I had just finished giving what I thought was a contemplative, well-researched and powerful speech surely worthy of adulation from my peers in one of my literature classes while studying for my master’s in English. The fact that I was pink-faced, still a little shaky and with an imaginary cottonball lodged in my throat didn’t matter. This time I was feeling really good about my presentation. I had nailed it, I thought. I knew George Orwell inside and out, and I let my audience know it in several different ways. As I walked ever so gingerly back to my desk relying on my slightly wobbly legs and sporting a restrained smile and a wisp of hair standing straight up from the sigh I exhaled, the lovely young woman sitting in the desk behind me who was a good 20 years my junior with wide eyes, quietly said to me, “I felt so sorry for you,” as she looked sympathetically at my flushed face and stress wrinkles on top of my age wrinkles.
So, this was my foray back to college after attaining my bachelor’s degree a couple decades earlier down in the nation’s capital. Humbling.
Some might be surprised to hear me call myself an introvert, while others will be equally perplexed when I mention my name and extrovert in the same sentence without the usage of not. Especially those forgiving souls who so kindly watched me suffer through various oral presentations, all the while flushed and with clammy hands.
Welcome to my inner conundrum. I am an extroverted introvert. No, I’m not suffering from a bout of schizophrenia or a split personality nor have I received a professional diagnosis of this label. As far as I know, it’s not included in the Diagnostic and Statistical Manual of Mental Disorders, a bible of sorts from the American Psychiatric Association better known as DSM that was first published in 1952 following the aftermath of World War II and the ensuing bulging need for more psychiatrists to care for the shell-shocked and demoralized.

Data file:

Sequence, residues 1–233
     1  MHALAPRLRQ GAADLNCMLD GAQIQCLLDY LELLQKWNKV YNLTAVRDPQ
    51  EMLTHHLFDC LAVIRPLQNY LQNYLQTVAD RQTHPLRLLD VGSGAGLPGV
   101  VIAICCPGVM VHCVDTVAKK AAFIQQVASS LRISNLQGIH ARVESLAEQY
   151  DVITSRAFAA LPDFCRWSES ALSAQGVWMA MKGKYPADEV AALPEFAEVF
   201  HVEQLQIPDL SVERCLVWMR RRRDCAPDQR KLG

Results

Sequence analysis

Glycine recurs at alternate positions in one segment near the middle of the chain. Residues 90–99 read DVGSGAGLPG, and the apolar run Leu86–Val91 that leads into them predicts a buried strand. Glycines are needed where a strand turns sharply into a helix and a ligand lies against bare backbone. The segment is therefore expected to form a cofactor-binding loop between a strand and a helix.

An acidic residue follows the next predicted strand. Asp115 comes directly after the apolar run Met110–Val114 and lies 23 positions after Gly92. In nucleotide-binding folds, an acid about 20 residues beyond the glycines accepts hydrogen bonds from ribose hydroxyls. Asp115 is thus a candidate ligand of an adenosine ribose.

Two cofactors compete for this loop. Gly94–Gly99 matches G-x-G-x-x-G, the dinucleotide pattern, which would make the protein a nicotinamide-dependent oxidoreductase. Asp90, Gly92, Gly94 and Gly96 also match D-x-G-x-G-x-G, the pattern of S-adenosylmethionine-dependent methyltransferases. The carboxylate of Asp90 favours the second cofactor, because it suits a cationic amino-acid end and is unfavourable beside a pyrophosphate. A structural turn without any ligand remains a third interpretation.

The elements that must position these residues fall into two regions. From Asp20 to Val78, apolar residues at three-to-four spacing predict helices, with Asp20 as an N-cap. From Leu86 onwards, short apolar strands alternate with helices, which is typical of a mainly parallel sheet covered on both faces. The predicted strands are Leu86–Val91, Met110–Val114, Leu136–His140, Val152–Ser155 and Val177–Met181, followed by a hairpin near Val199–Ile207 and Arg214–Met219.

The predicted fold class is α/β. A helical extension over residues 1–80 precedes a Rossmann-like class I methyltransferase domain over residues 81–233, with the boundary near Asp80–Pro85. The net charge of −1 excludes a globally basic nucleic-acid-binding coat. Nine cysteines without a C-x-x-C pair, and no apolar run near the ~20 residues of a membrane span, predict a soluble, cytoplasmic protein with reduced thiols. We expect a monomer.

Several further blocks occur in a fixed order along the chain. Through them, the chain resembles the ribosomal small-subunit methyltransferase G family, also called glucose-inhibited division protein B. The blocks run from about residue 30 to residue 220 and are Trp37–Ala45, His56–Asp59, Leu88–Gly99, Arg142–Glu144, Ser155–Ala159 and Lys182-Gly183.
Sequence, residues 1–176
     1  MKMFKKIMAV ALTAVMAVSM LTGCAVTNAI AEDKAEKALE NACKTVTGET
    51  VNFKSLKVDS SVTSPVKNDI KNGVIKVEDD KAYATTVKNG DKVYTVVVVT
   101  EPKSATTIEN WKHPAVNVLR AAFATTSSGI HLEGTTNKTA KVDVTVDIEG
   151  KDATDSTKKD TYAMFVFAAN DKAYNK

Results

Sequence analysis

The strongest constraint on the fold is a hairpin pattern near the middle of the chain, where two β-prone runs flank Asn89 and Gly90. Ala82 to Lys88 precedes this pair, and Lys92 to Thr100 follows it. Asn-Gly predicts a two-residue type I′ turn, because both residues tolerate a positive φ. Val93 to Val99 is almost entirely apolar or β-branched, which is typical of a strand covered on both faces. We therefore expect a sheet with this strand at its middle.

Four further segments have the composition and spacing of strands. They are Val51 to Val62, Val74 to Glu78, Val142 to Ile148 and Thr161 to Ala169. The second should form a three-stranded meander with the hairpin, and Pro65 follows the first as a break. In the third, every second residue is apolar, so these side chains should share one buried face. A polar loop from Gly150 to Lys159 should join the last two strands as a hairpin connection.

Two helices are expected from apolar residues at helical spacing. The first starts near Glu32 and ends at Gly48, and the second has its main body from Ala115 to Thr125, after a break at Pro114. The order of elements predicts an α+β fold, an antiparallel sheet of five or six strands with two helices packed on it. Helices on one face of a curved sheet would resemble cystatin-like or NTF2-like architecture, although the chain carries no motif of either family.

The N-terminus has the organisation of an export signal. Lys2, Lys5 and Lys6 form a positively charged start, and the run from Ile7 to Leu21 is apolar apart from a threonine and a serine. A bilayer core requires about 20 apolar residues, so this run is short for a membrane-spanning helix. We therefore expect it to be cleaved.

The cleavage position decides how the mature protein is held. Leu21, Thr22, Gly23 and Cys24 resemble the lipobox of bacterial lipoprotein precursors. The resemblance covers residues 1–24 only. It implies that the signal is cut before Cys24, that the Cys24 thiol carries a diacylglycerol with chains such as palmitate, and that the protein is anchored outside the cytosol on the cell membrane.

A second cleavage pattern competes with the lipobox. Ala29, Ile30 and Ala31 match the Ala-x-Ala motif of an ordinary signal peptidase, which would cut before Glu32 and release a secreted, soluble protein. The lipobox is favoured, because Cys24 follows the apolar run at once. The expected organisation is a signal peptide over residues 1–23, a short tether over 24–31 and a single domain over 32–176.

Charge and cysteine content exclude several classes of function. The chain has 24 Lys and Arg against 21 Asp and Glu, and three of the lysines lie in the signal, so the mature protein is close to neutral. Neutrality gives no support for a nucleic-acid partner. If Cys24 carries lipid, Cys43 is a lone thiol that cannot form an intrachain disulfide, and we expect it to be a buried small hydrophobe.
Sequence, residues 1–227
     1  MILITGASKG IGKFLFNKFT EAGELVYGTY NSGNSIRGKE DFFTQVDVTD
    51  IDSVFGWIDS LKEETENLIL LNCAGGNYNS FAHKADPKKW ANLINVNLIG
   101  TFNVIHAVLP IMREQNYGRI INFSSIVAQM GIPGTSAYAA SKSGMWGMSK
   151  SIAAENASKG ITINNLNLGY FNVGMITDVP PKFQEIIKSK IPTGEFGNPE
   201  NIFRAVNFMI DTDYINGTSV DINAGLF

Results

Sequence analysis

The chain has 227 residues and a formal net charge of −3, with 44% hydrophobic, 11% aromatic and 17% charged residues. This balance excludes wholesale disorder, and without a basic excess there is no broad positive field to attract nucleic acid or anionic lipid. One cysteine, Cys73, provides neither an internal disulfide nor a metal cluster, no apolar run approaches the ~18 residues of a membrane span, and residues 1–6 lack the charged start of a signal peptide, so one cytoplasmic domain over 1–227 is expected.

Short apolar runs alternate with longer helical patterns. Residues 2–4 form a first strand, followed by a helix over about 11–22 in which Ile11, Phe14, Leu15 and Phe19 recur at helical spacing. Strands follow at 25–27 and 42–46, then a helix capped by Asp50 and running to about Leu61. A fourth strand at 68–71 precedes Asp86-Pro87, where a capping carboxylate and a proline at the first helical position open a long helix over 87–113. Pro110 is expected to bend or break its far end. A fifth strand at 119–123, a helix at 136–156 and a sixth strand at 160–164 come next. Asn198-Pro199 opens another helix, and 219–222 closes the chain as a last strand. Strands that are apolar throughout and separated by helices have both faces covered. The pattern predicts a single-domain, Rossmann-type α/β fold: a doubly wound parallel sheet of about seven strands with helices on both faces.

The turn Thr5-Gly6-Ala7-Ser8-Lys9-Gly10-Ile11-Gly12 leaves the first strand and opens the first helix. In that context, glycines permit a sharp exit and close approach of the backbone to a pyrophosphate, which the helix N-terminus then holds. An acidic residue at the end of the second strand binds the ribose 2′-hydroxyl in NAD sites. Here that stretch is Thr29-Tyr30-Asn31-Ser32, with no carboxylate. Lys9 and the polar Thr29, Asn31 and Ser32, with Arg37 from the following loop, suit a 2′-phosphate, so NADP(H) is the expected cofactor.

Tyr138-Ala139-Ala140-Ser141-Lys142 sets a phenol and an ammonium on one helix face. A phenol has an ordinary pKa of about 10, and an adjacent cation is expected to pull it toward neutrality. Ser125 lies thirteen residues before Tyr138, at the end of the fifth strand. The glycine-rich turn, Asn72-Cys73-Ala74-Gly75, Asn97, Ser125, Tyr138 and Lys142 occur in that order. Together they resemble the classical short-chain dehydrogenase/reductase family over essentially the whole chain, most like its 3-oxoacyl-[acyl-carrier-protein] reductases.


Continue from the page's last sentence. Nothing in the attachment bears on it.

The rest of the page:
As an extroverted introvert, I can crack a joke with the best of them, and I genuinely enjoy being with people and socializing. However, flanking that side is another one where the thought of being the center of attention sickens me at times and making a dramatic entrance does not interest me in the slightest. I shy away from bold prints but ask questions that others wouldn’t dare. I love to go out dancing but shrink at a surprise birthday party for me. I shake behind a harmless college desk in front of an audience of only 15 but boldly have entered a gymnasium filled with hundreds of stranded residents in a sea of wayward cots and strangers.
Yes, I’m an extroverted introvert, and I’m pretty sure many of you reading this are nodding right now and saying that sounds like me.
All I can say is embrace it—the same advice I would give to an extrovert who unabashedly can entertain a crowd of 200 without so much as a one degree uptick in his blood pressure. Embrace the fact that you are a chameleon that changes with each environment and you keep people guessing. We all have limits. It’s just that some are wider than others. At times, you’ll find your extroverted side will surprise your introverted one, and vice versa. That’s okay. It is those steps outside our comfort zones that make us stronger—no matter how far the distance is.
So, as I sit here alone typing away at my computer while thinking about what fun plans I’ll have this weekend with friends and family, I challenge you to embrace both your extroverted and introverted sides and everything in between.
And by the way, I wound up getting an A on my presentation that evening. Thanks Prof. B.